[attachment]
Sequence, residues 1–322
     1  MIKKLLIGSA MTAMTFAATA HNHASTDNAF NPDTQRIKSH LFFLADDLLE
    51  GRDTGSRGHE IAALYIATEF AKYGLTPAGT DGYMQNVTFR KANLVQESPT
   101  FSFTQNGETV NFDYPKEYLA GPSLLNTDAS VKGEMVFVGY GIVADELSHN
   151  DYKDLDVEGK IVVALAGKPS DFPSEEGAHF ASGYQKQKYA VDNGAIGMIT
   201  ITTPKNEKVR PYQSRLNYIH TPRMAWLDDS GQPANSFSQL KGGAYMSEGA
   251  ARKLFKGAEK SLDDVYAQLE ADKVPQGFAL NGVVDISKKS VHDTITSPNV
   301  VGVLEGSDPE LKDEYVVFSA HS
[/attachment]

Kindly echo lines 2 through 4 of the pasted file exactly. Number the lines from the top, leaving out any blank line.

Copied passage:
     1  MIKKLLIGSA MTAMTFAATA HNHASTDNAF NPDTQRIKSH LFFLADDLLE
    51  GRDTGSRGHE IAALYIATEF AKYGLTPAGT DGYMQNVTFR KANLVQESPT
   101  FSFTQNGETV NFDYPKEYLA GPSLLNTDAS VKGEMVFVGY GIVADELSHN